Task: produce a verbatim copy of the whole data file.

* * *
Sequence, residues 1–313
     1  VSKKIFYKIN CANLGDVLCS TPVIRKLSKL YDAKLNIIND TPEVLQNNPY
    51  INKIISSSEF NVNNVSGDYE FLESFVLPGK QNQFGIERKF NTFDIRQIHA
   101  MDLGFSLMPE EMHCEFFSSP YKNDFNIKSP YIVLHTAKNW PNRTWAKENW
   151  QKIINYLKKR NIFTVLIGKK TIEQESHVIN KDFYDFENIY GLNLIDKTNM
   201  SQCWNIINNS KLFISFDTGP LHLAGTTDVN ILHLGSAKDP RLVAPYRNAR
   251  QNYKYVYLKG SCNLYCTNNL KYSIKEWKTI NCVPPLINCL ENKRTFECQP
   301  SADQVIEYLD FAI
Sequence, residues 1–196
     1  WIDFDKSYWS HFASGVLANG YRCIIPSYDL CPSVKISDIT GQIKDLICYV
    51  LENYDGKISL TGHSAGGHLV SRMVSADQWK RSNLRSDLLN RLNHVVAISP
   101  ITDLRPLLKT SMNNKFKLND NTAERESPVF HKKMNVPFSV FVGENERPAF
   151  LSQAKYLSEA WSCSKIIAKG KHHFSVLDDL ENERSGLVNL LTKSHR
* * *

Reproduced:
Sequence, residues 1–313
     1  VSKKIFYKIN CANLGDVLCS TPVIRKLSKL YDAKLNIIND TPEVLQNNPY
    51  INKIISSSEF NVNNVSGDYE FLESFVLPGK QNQFGIERKF NTFDIRQIHA
   101  MDLGFSLMPE EMHCEFFSSP YKNDFNIKSP YIVLHTAKNW PNRTWAKENW
   151  QKIINYLKKR NIFTVLIGKK TIEQESHVIN KDFYDFENIY GLNLIDKTNM
   201  SQCWNIINNS KLFISFDTGP LHLAGTTDVN ILHLGSAKDP RLVAPYRNAR
   251  QNYKYVYLKG SCNLYCTNNL KYSIKEWKTI NCVPPLINCL ENKRTFECQP
   301  SADQVIEYLD FAI
Sequence, residues 1–196
     1  WIDFDKSYWS HFASGVLANG YRCIIPSYDL CPSVKISDIT GQIKDLICYV
    51  LENYDGKISL TGHSAGGHLV SRMVSADQWK RSNLRSDLLN RLNHVVAISP
   101  ITDLRPLLKT SMNNKFKLND NTAERESPVF HKKMNVPFSV FVGENERPAF
   151  LSQAKYLSEA WSCSKIIAKG KHHFSVLDDL ENERSGLVNL LTKSHR